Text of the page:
If you’re planning a vacation, North-Western Germany may not be at the top of your list, but I really encourage you to take a look.  Düsseldorf, where our gaffer/guide/driver Patrick “Paddy” Dosanjh (see video below) is from, is a vibrant city on the Reine River for a more typical tourist experience, but you can easily travel to many of these other areas.  I certainly hope to go back for a film festival in the area, and I can only hope this part of the story will help demonstrate the enormous potential for post-industrial cities!

How do you say, “Zeche Zollverein”? from One of Us Films on Vimeo.

Impressions of Philadelphia

by Carrie LeZotte

So what happens if you live in a dangerous city, but it doesn’t make the list? One of the things I found really compelling about John’s Reimagining Detroit was how he talks about those lists and how they don’t always compare apples to apples.  I read a response from a Philadelphia local, asking how his city didn’t make those top ten most dangerous lists, when the murder and crime rate continues to be high.  It’s the perception of a place that keeps the tourists coming or going, or people moving in and out of a city.  So numbers matter, for sure, but what about those pictures?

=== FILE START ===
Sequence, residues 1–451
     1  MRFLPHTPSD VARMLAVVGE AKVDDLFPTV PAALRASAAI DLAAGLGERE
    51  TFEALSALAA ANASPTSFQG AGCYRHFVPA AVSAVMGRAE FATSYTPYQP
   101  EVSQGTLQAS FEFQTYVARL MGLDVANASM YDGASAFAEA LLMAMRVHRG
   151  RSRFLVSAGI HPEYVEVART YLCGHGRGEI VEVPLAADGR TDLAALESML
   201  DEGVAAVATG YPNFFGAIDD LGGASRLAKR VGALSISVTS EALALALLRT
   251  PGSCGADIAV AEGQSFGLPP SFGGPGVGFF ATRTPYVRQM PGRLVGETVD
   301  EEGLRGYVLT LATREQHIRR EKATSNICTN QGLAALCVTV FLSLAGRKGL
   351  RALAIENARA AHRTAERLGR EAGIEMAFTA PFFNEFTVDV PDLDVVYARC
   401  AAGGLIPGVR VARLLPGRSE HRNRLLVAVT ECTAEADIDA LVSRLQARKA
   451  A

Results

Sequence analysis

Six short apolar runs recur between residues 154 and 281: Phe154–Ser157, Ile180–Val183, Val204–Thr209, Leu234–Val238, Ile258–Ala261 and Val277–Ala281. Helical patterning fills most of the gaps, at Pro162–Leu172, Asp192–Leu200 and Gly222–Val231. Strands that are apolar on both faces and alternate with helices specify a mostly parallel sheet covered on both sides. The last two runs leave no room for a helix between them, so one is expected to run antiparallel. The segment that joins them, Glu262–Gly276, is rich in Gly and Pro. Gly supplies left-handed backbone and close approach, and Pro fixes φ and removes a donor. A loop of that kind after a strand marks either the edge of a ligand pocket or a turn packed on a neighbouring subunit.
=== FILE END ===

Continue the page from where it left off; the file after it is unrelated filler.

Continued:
As a filmmaker its images that speak to me.  I took a crew to Philadelphia twice.  The first trip was well planned and we shot at a of couple key locations.  The first being Spring Garden on 18th Street, on a beautiful August morning we met and interviewed Bob Grossman of Philadelphia Green when the garden was in its full late-summer glory.  The second day we interviewed Jane Golden of the Philadelphia Mural Arts Program.

I returned to Philadelphia a year later to spent more time with Cesar Viveros (who appears in our Kickstarter video).  I also wanted to photograph more murals and to do so, I pre-scouted on the web and made myself a map through the neighborhoods.  This was a much different experience as we drove through blighted areas just a few miles from the Liberty Bell, Lon and I were asking ourselves which city was safer?  The Philadelphia blight feels so much different with housing stock not only older than Detroit’s, but so much of it right on top of each other.  So different than our blocks of vacancy and long grasses.